October 25, 2018

Perform at your best by fueling with sugar?

The current trend in the media is to compare sugar to hard drugs.  They suggest the two have addictive properties and these properties can lead us to an early death.

Do we need to start hiding our children and picketing with anti-sugar messages to protect the youth? 🙂

I quite often have clients proudly tell me of the successful diet they subscribed to and the first choice they made was to cut out the apparent death food of sugar.   The sad truth about cutting out sugar is that it is found in almost all the food we consume.

Our body converts food into the usable form of energy which is sugar (glucose). Glucose is the main energy source for our brain and muscles.   Cutting out foods that contain sugar is viewed as a badge of honour (I would too if I hadn’t had a ‘hangry’ blackout and likely hurt someone to get food that contains ‘sugar’(energy)) but will inhibit performance versus enhancing it.

Athletes that adhere to the mantra of the sugar-free diet typically are listening to the diet culture that lives around us.  There is a general misunderstanding of the relationship of sugar or glucose to performance.  The right amount of sugar, delivered at the proper times, can and will drive your best performances.

Your body converts food into sugar or glucose and this is eventually stored in your muscles and liver as glycogen.  Glycogen is recovered from your muscles during exercise and the storage and efficient use of the Glycogen is what allows athletes to perform at their best.

We need energy to enable growth and repair tissues, to maintain body temperature and to fuel physical activity.  Energy (sugar) comes from foods rich in carbohydrate, protein and fat.

Adenosine triphosphate (ATP) is the source of energy used to contract muscles.  Three biochemical systems are used to create ATP.  The biochemical systems that produce ATP are 1. Phosphagen (quick energy sprinting, throwing, etc), 2. Anaerobic (long burst of energy), and 3. Aerobic (this system is used once 1 & 2 are fatigued).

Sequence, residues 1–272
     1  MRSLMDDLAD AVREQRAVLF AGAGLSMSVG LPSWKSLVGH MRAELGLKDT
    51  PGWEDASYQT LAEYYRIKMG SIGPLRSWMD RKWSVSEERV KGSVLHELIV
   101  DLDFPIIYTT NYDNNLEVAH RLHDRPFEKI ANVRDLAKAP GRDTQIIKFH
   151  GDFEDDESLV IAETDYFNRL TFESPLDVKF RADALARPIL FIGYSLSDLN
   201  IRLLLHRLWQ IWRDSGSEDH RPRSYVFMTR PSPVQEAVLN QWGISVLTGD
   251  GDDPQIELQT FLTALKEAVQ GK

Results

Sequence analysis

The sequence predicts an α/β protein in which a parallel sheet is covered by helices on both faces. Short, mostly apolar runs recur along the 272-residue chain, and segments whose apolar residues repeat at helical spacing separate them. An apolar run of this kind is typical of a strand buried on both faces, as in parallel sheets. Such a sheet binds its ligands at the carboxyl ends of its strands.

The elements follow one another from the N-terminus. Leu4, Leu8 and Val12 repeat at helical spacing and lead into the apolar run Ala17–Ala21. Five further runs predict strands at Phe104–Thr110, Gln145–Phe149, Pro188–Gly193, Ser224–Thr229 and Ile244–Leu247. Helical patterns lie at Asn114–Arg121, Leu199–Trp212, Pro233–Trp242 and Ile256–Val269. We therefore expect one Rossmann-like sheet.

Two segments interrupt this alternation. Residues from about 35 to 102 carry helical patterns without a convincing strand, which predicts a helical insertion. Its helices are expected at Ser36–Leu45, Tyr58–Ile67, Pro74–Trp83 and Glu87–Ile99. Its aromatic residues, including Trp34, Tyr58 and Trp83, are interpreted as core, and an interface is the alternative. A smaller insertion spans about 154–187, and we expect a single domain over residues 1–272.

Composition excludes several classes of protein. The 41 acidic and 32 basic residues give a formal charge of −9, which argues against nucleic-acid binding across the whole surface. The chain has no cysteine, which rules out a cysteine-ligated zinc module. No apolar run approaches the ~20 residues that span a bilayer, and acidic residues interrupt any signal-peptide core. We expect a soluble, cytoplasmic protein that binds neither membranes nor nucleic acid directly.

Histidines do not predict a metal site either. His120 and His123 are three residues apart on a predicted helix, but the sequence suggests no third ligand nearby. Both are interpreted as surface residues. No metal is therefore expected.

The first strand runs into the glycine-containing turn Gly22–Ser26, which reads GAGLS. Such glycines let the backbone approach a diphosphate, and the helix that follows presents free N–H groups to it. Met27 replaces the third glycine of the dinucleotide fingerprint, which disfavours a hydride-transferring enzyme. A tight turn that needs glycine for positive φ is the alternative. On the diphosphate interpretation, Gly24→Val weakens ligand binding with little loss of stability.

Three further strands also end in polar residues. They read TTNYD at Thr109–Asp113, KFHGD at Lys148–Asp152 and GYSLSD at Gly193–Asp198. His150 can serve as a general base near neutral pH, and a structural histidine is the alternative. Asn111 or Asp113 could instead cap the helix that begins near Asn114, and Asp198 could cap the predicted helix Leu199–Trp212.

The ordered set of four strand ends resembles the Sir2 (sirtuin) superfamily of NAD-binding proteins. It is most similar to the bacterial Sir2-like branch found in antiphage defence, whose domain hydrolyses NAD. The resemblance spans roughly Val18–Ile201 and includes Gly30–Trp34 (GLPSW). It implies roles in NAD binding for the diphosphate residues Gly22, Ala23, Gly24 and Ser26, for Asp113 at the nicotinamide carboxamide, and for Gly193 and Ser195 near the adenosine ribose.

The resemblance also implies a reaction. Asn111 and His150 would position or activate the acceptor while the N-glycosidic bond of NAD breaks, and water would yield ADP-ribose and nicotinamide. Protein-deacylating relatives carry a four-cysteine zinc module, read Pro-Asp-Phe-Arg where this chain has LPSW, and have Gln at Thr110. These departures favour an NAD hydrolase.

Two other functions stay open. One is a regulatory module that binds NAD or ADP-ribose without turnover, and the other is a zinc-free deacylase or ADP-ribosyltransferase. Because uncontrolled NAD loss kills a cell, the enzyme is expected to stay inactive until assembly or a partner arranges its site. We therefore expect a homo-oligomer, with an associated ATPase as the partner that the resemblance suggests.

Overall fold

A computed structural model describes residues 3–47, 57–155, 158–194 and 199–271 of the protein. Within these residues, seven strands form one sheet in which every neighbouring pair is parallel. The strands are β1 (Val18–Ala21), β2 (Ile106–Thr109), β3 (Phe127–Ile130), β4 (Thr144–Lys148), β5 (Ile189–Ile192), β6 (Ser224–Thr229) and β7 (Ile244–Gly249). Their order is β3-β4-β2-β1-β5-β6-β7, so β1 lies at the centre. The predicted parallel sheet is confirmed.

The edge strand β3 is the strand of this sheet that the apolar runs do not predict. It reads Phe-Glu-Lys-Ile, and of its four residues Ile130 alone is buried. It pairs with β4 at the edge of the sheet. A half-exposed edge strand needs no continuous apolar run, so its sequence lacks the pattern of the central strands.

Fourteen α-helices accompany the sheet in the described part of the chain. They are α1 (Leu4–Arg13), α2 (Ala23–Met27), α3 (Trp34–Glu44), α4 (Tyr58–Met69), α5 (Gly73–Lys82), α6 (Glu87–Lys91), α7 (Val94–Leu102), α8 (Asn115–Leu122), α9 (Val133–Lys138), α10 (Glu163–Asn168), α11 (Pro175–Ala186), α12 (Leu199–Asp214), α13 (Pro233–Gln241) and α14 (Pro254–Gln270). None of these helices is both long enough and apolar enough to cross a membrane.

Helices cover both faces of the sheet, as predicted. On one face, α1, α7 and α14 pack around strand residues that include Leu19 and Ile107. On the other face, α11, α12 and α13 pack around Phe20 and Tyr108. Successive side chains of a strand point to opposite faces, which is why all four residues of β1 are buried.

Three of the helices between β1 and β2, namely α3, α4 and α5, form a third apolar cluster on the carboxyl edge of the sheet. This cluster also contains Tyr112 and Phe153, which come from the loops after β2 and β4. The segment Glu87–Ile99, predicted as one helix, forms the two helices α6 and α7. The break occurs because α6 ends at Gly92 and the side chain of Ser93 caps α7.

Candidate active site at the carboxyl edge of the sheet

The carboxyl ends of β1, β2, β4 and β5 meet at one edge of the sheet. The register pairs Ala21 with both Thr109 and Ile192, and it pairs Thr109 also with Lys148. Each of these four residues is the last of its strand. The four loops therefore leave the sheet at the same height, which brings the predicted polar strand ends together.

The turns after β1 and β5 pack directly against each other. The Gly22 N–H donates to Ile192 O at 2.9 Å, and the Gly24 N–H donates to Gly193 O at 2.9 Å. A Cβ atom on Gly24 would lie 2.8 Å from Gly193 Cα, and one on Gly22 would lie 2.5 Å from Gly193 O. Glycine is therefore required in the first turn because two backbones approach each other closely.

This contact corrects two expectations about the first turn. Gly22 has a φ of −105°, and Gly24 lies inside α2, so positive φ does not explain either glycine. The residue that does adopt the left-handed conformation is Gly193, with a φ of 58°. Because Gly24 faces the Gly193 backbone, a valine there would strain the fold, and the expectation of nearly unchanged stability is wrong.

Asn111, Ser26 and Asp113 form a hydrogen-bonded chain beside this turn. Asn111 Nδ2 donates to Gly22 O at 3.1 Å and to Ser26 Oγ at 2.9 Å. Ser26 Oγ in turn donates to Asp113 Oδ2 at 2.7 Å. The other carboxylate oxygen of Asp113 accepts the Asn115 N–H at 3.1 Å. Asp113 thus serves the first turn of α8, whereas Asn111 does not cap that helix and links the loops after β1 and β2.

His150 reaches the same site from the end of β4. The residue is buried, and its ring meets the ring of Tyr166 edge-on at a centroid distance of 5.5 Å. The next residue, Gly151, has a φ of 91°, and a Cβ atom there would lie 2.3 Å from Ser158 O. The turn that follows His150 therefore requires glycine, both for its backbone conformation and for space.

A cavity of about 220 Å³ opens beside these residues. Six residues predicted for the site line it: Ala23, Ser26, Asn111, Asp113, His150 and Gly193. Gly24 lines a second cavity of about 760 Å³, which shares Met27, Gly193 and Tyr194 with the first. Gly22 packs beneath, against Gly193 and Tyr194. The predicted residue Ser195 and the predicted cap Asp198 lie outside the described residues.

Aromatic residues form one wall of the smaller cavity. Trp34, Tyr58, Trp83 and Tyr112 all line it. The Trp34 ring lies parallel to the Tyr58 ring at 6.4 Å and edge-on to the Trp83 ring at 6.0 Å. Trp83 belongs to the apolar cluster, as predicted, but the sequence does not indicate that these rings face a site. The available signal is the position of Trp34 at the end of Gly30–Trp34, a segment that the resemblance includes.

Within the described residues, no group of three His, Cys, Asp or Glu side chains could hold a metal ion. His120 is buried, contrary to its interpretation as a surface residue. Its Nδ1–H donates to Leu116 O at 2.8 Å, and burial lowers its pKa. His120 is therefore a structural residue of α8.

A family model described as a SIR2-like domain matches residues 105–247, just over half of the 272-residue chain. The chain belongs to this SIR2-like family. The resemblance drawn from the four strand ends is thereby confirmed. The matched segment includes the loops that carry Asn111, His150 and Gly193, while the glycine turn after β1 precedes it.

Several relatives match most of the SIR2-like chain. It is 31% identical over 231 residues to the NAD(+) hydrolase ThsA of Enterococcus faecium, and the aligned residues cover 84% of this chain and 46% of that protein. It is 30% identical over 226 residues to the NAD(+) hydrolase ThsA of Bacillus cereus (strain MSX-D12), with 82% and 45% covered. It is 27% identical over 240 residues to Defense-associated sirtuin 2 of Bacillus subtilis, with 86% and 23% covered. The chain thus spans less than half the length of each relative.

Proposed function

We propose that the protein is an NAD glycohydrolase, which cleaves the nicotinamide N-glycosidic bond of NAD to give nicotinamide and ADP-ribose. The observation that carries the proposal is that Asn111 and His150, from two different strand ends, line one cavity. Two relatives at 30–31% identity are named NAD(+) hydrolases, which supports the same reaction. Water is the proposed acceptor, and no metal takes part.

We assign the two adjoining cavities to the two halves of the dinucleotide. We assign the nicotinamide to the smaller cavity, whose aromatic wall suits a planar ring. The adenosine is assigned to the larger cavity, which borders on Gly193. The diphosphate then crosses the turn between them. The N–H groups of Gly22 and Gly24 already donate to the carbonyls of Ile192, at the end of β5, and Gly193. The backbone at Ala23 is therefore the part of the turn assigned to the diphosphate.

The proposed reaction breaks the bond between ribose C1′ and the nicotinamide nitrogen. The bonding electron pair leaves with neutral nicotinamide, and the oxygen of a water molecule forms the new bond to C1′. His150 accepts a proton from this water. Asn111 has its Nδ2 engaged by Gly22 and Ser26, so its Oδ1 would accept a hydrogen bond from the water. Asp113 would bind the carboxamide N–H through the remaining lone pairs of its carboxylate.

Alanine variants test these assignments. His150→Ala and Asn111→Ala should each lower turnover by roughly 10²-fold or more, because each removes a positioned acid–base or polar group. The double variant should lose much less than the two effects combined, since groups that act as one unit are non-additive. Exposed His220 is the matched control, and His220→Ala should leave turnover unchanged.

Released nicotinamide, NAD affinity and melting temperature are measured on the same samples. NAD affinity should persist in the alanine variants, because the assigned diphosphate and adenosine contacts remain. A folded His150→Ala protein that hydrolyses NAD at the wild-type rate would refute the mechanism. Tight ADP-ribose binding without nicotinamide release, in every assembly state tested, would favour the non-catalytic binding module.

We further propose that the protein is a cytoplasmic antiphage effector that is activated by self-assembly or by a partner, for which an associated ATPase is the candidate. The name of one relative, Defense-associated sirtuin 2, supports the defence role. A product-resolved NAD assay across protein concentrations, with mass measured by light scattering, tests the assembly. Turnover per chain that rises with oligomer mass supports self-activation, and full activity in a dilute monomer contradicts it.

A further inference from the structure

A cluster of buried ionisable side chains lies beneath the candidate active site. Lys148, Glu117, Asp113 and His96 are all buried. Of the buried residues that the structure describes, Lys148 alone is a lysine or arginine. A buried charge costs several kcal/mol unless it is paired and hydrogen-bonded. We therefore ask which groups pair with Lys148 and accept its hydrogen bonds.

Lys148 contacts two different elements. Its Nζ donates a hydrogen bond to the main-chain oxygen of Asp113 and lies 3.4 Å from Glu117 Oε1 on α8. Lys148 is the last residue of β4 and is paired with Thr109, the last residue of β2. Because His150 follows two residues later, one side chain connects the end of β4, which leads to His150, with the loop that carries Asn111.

To perform at our best, we need to fuel with enough carbohydrate (sugar) and have good stores of carbohydrates that will allow our body to perform at its maximum capacity.  If we under fuel this critical component we will feel sluggish, we will probably have cravings and our performance will certainly be affected.

Carbohydrates should provide 55-60% of athletes total daily calorie intake.  When you are training hard this may need to be Increased to 65-70%

You may feel a craving when you under fuel.  It is ok to have your favourite sweet snack or fuel with quick sugar.  The key is to understand your cravings and adjust your daily diet to give yourself enough energy during the day and potentially fuel with additional fuel during training.  This can help ward off or reduce ‘hangry’ incidents, bonking or inability to reach optimum performance and slower recovery.

If you need help with this please call me and we can talk about how to fuel and to also plan meals for your heavy training days or competition schedules to get your best results!

Here are some examples of different sugar sources that can give you energy:

Grains:

  • Rice, Bread, Barley, Crackers
  • Veggies/Fruit:
  • All of these will contain sugar.  Higher starch veggies will contain more energy (sugar); Squash, Sweet Potato, Potatoes, turnip, Juice, All fruits and veggies

 

Protein:

  • Beans and legumes

Dairy Product:

  • Milk, Yogurts

Other:

  • (WHO recommendation states that the other category of added sugar can make up to 10% of our totally daily Kcal intake)
  • Chocolate bars, cookies, ect.  I believe we all know these ones well. 😊

 

Leslie Steeves RD | 587-438-0464 | lsteeves@grassrootsnutr.com

 

 

 

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